February 11, 2014 (ADDIS ABABA) – The 7 political leaders released from the South Sudanese capital, Juba, but further detained in the Kenyan capital, Nairobi, will fly to the Ethiopian capital, Addis Ababa, by Tuesday in order to join the peace talks, announced IGAD chief mediator on Monday.
- IGAD chief mediator for South Sudan talks, Seyoum Mesfin, speaks to the press following the signing of a cessation of hostilities agreement between the South Sudan government and rebels in Addis Ababa on 23 January 2014 (Photo AFP)
"The seven detainees are expected to arrive in Addis Ababa either today or latest tomorrow morning," said the former Ethiopian foreign minister and chief mediator for the IGAD-sponsored peace talks, Seyoum Mesfin, in a press conference held in the Ethiopian capital on Monday.
Ambassador Seyoum further called on Juba to release those who are still in detention in Juba saying "we commend the Republic of South Sudan for releasing the 7 detainees & call on them to expedite the status of the remaining ones".
Rebels of the Sudan People’s Liberation Movement/Army In Opposition (SPLM/A In Opposition) on Monday boycotted the resumption of the talks, citing the non-implementation of the agreements previously signed, including Kenya’s refusal to allow the 7 leaders to travel to Addis.
They further demanded the release of the other 4 political detainees per the Addis Ababa agreement signed on 23 January between the two parties on the fate of the politicians.
The rebels also said the withdrawal of the Ugandan People’s Defence Forces (UPDF) was another prerequisite agreed upon before the second round of the talks could resume, calling on the UPDF to withdraw in honour of the Cessation of Hostilities agreement.
The chief mediator however did not shed light on whether the UPDF forces will withdraw from South Sudan in implementation of the agreement he mediated between the government and the rebels.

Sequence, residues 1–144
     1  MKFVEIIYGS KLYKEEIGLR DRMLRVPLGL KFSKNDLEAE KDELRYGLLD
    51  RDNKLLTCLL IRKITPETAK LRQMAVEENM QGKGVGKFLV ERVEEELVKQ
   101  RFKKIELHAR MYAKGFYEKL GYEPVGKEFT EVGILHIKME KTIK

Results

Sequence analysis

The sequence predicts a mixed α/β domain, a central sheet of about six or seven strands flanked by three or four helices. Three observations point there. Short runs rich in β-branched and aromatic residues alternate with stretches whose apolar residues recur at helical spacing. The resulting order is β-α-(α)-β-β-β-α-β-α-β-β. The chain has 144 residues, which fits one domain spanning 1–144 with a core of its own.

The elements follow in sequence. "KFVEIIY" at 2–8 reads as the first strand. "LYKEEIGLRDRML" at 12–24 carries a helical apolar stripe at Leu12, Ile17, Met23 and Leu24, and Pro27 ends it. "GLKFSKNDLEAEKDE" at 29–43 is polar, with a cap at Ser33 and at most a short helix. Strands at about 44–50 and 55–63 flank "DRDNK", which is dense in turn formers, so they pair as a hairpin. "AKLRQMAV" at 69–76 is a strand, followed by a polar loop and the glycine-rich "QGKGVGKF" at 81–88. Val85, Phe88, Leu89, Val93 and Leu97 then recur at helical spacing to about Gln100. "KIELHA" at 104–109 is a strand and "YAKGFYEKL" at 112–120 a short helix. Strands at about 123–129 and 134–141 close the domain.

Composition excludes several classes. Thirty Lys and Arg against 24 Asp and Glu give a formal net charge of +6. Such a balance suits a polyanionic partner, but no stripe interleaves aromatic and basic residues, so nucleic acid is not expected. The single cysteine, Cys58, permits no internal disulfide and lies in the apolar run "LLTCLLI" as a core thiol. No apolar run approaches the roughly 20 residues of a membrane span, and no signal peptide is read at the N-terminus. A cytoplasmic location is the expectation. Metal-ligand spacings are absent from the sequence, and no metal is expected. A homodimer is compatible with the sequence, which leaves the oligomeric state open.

But Seyoum told reporters that the IGAD Monitoring and Verification Team (MVT) has visited the capital of Upper Nile state Malakal on Sunday to assess the military situation and see where to establish the monitoring posts.
In New York, the spokesperson for UN secretary-general, Martin Nesirky, said that the UN Mission in South Sudan facilitated the travel of the IGAD assessment team to Malakal, adding they also transported the MVT to the capital of Jonglei state on Monday.
Regarding the implementation of the cessation of hostilities agreement, Nesirky said the situation was "volatile" UNMISS.
UNMISS "has received reports of fighting between the Sudan People’s Liberation Army and anti-government forces in Thorgwang in Manyo County," he said, adding that in Bor "some government officials have begun returning to the town, as have civilians, but in limited numbers".
Attempting to reassure reporters about the possible rebels’ boycott of second poltical round of talks Mesfin watered down the content of their press release saying " it does not reflect the current reality we have with SPLM/A (in opposition)".
However key rebel officials in Addis Ababa refused to comment on what the statements of the chief mediator but stressed they are "still have a wait-and-see attitude."
On Sunday the ex-vice president, Riek Machar, now the rebel leader, questioned the neutrality of the Kenyan president by further detaining the released 7 leaders, wondering whether president Uhuru Kenyatta and South Sudanese president Salva Kiir had a secret agreement attached to the release of the detainees.
The rebels have already expressed doubts in the past weeks about the IGAD aptitude to broker the peace process when they refused any Ugandan role in the talks pointing to the Ugandan troops that are fighting them besides the government forces.
UN spokesperson on Monday said there are still some 75,000 civilians under the protection of UNMISS forces in its sites across the country.